The sixteen-year old daughter of a well-known activist has taken responsibility for a fake press release that targeted gas explorer Metgasco earlier this week.
Kudra Falla-Ricketts, daughter of activist Aiden Ricketts, emailed the hoax release to North Coast NSW media outlets on the morning of April Fool’s day.
Using the Metgasco logo, and signed off by CEO, Peter Henderson, the release said the company “will cease conducting unconventional gas in communities where we are not welcome”.
“We take the issue of social license seriously and it had become clear to us that communities in the northern rivers are overwhelmingly opposed to the development of industrial gasfields,” the fake document said.
“We would like to sincerely apologise for the stress cause to the communities of the northern rivers as a result of the ill fate of our industrialization plans and congratulate them for the peaceful and united way in which they have demonstrated their enthusiasm to remain a gasfield free region,” it added.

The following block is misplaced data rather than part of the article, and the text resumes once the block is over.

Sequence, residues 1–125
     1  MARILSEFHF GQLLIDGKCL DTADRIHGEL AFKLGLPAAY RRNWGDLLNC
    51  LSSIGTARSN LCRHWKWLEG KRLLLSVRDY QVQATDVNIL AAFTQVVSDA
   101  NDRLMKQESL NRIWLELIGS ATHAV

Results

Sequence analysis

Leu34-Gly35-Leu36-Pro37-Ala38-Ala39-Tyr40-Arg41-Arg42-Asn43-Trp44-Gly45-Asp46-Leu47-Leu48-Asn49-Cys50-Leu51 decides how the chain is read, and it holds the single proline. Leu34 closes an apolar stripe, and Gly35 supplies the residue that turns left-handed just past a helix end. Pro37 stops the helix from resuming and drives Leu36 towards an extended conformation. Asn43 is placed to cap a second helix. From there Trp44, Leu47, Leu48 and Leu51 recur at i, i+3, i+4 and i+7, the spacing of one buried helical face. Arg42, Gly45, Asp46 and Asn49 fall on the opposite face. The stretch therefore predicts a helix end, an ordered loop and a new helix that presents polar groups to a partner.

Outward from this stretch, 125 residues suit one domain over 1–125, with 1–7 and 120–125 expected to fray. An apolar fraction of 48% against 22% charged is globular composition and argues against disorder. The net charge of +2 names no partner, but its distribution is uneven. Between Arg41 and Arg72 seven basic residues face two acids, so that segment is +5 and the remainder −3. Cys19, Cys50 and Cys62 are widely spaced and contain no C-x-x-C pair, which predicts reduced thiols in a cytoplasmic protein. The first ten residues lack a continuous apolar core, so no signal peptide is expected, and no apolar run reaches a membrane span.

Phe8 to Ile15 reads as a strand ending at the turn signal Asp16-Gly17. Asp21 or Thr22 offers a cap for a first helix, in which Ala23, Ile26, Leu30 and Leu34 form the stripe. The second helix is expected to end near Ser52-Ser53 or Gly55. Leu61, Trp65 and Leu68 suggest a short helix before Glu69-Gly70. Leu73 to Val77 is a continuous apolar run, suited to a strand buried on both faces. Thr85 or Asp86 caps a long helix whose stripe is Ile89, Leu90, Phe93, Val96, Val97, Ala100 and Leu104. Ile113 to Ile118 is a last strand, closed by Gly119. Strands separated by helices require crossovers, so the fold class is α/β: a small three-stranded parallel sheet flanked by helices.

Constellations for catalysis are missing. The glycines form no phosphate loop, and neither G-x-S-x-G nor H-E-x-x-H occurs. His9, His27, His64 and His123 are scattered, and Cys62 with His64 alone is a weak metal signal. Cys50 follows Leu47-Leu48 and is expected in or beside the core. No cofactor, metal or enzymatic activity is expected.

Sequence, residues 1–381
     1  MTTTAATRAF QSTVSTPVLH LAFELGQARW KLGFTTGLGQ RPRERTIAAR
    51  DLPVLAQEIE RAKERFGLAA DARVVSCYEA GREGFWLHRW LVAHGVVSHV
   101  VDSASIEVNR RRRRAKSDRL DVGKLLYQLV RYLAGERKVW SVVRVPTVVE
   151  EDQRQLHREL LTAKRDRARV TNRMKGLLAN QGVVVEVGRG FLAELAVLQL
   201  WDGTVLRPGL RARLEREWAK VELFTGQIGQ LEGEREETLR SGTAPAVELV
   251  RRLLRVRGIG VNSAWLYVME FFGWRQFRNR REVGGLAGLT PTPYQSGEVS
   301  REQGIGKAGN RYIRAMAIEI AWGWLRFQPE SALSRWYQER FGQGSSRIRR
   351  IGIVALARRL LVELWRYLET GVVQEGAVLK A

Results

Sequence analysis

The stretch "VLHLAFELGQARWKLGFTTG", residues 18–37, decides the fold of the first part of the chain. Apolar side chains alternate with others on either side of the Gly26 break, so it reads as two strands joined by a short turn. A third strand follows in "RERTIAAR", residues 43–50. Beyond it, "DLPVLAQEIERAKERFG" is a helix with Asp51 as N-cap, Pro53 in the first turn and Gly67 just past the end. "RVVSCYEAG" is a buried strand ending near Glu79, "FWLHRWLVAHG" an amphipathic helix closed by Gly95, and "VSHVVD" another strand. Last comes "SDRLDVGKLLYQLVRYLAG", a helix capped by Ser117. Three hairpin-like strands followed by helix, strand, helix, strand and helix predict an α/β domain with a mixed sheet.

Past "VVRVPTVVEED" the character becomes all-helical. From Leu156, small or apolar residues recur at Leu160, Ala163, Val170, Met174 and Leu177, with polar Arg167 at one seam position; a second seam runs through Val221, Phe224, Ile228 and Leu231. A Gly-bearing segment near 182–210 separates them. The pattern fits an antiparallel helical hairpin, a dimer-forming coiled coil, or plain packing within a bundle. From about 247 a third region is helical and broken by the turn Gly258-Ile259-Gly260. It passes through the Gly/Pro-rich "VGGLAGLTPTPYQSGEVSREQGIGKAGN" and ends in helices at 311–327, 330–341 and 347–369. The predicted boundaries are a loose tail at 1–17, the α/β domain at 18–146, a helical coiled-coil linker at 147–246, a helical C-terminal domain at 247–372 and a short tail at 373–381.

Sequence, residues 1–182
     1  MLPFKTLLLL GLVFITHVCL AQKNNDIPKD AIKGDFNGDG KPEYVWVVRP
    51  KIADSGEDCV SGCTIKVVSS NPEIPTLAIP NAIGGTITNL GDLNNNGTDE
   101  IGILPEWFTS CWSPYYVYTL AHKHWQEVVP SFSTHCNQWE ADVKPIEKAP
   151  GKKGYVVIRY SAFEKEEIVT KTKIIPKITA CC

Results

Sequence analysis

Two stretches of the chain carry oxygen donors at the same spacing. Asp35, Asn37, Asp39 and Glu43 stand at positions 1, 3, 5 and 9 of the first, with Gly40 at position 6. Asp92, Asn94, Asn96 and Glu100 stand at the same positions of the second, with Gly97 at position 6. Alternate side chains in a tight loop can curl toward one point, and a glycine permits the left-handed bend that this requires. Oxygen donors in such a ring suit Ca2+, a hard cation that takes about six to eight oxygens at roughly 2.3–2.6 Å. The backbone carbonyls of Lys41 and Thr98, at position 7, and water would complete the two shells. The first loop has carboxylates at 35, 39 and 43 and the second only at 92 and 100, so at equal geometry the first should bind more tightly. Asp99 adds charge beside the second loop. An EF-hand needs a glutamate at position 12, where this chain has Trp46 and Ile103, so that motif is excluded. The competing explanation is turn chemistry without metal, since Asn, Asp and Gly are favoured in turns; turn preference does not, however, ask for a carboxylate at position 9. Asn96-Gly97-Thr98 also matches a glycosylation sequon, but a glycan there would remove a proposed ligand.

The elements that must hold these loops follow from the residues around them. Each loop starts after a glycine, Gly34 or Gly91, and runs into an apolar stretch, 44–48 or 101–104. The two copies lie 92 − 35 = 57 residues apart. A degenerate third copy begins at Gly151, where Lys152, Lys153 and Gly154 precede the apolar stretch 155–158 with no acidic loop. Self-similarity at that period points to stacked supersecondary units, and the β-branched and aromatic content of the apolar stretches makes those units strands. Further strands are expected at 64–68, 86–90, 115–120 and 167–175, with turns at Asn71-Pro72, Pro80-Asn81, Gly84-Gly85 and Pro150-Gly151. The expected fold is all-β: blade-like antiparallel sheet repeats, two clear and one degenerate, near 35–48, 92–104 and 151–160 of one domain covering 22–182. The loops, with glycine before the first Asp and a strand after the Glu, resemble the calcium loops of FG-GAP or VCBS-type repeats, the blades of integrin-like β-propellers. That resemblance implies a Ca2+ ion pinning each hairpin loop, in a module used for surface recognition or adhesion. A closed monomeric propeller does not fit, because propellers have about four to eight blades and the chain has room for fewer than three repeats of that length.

Henderson said the release could have had a devastating effect on Metgasco shareholders and has referred the incident to the Australian Securities and Investments Commission, SMH reported.
‘‘We understand it’s a practical joke,’’ he said.
‘‘We don’t wish any bad things to the young lady, we understand she’s made a mistake, but it was fraudulent.’’
A search of the author properties of the document say the author was Aiden Ricketts, however he says his daughter wrote and distributed the release in “a quite innocent and positive picture of the world she would rather live in”.
“There has been plenty of coverage of her obviously tongue in cheek April Fool’s day release, mostly caused by the aggressive overreaction by Metgasco who spread the story far beyond the few local media outlets originally included,” Ricketts told Australian Mining.
When asked if the action taken by his daughter was part of grassroots activism strategies as explained in his book The Activists Handbook, Ricketts answered:
“Our grassroots activism strategy is to encourage rural communities to meet and discuss their genuine concerns about invasive industrial gasfields and then take action as communities.”
In a similar stunt last year, Whitehaven Coal had $314 million temporarily wiped from its value after a fake press release, purported to be from ANZ, claimed the bank had withdrawn a $1.2 billion loan to help develop the Maules Creek project.
Activist Jonathan Moylan was charged over the hoax and plead not guilty in a Sydney Supreme Court. He will stand trial on June 30.